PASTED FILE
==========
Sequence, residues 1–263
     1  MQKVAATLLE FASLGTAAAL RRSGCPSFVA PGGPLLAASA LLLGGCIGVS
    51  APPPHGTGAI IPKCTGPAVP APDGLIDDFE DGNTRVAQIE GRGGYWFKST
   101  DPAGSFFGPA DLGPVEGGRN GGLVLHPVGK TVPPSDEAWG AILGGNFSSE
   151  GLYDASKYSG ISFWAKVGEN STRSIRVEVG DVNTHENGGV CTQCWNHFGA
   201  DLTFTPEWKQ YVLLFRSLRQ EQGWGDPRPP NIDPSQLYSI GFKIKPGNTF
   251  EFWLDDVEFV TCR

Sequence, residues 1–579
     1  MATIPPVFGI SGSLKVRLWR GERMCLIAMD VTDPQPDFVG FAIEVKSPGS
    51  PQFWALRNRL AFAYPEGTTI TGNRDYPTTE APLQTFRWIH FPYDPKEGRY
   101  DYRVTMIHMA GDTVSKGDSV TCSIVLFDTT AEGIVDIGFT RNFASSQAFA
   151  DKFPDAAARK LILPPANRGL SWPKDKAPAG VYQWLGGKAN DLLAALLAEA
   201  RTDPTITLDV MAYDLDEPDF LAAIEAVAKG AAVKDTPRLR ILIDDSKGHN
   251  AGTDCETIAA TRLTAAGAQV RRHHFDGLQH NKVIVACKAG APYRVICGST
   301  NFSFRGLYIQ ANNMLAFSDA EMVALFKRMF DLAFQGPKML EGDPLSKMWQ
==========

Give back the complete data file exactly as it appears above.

Sequence, residues 1–263
     1  MQKVAATLLE FASLGTAAAL RRSGCPSFVA PGGPLLAASA LLLGGCIGVS
    51  APPPHGTGAI IPKCTGPAVP APDGLIDDFE DGNTRVAQIE GRGGYWFKST
   101  DPAGSFFGPA DLGPVEGGRN GGLVLHPVGK TVPPSDEAWG AILGGNFSSE
   151  GLYDASKYSG ISFWAKVGEN STRSIRVEVG DVNTHENGGV CTQCWNHFGA
   201  DLTFTPEWKQ YVLLFRSLRQ EQGWGDPRPP NIDPSQLYSI GFKIKPGNTF
   251  EFWLDDVEFV TCR

Sequence, residues 1–579
     1  MATIPPVFGI SGSLKVRLWR GERMCLIAMD VTDPQPDFVG FAIEVKSPGS
    51  PQFWALRNRL AFAYPEGTTI TGNRDYPTTE APLQTFRWIH FPYDPKEGRY
   101  DYRVTMIHMA GDTVSKGDSV TCSIVLFDTT AEGIVDIGFT RNFASSQAFA
   151  DKFPDAAARK LILPPANRGL SWPKDKAPAG VYQWLGGKAN DLLAALLAEA
   201  RTDPTITLDV MAYDLDEPDF LAAIEAVAKG AAVKDTPRLR ILIDDSKGHN
   251  AGTDCETIAA TRLTAAGAQV RRHHFDGLQH NKVIVACKAG APYRVICGST
   301  NFSFRGLYIQ ANNMLAFSDA EMVALFKRMF DLAFQGPKML EGDPLSKMWQ